This seems like a win-win for the ridesharing companies and the car companies working with them. What's debatable is whether drivers really benefit, too.
If delays continue many travelers will not bother using the Chunnel which could hurt those that couldn't otherwise afford to travel.
You know it must be a rough battle if Uber is trying to make friendly. But considering the ambitions of both companies this would only be a temporary truce.
As app-based ride-hailing services become widespread in personal use, it's no surprise that corporate travel use is also increasing — even if some employers aren't fully on board yet.
The irony of this conversation, unfortunately for car services, is that ridesharing trips already account for nearly half of ground transportation spending expensed through U.S. companies. So the fingerpointing and recriminations continue.
Humans have a way of mucking up the works sometimes, especially when you're talking about the initial adoption of new technology like self-driving cars. The test and learn approach will one day solve this problem too.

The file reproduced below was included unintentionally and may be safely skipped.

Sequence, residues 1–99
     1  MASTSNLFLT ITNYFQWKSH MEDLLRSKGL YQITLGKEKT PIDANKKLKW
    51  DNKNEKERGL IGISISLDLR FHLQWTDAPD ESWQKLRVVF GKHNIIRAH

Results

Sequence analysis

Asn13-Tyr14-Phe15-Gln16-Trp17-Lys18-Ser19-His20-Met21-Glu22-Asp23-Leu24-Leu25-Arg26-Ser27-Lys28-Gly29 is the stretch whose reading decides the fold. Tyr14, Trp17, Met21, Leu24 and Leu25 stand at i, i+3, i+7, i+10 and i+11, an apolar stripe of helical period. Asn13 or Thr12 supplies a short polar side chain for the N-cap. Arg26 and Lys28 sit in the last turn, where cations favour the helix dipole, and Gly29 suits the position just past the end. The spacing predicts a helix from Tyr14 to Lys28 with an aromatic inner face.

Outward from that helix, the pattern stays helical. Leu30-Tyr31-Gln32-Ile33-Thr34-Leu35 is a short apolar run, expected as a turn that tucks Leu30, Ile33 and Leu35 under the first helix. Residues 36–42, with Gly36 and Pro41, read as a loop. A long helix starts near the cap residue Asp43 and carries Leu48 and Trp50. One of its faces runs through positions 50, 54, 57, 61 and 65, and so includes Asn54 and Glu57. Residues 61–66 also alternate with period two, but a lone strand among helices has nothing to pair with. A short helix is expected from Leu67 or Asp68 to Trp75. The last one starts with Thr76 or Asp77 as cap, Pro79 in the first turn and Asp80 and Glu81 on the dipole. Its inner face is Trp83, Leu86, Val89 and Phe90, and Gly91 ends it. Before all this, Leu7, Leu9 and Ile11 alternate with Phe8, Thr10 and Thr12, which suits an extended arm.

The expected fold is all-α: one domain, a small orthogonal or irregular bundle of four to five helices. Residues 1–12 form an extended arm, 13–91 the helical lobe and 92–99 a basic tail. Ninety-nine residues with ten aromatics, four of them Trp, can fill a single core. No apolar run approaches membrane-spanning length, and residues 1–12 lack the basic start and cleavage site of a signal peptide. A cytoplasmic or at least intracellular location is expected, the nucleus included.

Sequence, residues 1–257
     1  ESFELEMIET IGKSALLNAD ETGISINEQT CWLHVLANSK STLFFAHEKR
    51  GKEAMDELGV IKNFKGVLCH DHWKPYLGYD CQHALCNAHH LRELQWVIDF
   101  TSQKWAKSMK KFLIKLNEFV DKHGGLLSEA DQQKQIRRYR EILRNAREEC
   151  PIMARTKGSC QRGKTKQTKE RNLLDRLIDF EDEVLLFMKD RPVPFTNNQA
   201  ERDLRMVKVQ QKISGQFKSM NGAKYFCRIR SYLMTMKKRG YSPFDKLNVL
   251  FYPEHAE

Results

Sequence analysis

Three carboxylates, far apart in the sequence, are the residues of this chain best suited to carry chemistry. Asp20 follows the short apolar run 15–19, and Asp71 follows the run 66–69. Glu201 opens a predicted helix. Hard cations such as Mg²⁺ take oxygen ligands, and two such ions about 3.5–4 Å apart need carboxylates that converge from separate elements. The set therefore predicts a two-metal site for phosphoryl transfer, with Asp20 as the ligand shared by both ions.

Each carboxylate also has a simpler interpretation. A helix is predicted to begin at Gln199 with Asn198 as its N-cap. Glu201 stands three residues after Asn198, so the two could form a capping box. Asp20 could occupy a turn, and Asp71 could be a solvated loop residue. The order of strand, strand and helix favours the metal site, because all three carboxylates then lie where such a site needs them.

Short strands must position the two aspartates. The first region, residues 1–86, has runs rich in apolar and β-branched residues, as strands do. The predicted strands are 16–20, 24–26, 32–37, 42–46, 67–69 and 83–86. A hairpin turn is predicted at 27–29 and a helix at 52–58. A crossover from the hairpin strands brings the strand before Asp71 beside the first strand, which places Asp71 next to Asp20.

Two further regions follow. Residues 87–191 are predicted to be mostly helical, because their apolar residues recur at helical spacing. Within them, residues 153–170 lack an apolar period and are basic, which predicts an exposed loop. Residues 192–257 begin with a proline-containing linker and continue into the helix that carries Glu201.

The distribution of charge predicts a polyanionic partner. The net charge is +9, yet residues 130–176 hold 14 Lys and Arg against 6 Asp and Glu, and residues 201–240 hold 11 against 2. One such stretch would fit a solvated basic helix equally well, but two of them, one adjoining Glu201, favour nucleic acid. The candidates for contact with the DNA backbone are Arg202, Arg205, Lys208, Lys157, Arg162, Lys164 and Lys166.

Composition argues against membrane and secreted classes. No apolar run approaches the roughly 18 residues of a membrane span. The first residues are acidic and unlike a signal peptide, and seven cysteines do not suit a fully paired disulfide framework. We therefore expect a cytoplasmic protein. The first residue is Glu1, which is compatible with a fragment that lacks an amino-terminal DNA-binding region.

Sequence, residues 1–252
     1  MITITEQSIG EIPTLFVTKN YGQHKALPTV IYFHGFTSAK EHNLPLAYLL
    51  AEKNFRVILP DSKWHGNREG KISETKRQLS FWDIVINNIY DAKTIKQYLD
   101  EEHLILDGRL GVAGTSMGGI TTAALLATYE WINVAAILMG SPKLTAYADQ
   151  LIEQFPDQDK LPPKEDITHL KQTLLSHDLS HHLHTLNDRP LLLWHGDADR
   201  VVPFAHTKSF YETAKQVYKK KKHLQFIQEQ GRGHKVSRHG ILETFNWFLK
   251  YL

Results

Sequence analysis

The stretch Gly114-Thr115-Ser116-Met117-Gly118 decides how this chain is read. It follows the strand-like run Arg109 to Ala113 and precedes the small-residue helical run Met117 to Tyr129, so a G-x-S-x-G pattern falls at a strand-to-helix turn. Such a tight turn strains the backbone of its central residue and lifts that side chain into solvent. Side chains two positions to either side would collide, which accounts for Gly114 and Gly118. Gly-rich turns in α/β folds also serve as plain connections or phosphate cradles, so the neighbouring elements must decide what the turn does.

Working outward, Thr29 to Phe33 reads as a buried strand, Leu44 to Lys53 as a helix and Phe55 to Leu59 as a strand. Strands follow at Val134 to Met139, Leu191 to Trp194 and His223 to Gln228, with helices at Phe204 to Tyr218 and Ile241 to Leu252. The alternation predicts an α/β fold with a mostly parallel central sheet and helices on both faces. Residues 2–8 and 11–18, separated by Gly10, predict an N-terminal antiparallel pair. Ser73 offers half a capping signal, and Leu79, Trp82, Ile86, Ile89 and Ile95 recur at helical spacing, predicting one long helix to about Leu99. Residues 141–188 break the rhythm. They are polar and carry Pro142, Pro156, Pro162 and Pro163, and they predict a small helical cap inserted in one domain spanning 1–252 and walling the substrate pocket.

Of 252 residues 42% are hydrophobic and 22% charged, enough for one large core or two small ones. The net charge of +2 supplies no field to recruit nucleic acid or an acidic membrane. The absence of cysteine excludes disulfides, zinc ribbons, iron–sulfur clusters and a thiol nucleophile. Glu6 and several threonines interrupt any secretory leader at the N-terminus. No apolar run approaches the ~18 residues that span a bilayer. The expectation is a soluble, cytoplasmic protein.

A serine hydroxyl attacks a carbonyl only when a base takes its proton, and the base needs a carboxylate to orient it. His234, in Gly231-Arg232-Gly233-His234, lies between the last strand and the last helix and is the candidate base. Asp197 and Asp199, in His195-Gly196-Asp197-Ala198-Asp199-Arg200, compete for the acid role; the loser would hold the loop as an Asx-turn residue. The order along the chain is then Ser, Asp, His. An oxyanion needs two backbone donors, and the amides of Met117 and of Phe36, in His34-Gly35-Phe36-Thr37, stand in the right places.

Travel managers will have a lot to worry about going into next year; at least significantly higher prices likely won't be one of them.
In Vancouver, Uber probably should have tried the same tactics it deployed in New York City, another major city with a very strong taxi association.
A real notable accomplishment: Enterprise made a name for itself as a rental car company that you didn't dread using, one that didn't hit you with fees until it hertz.
If you can't beat 'em, then join 'em -- or at least, from Hertz's perspective, partner with Uber and Lyft to attract a new revenue stream. Hertz, Avis Budget, Enterprise and others can't sit on their butts and they are scurrying to adapt.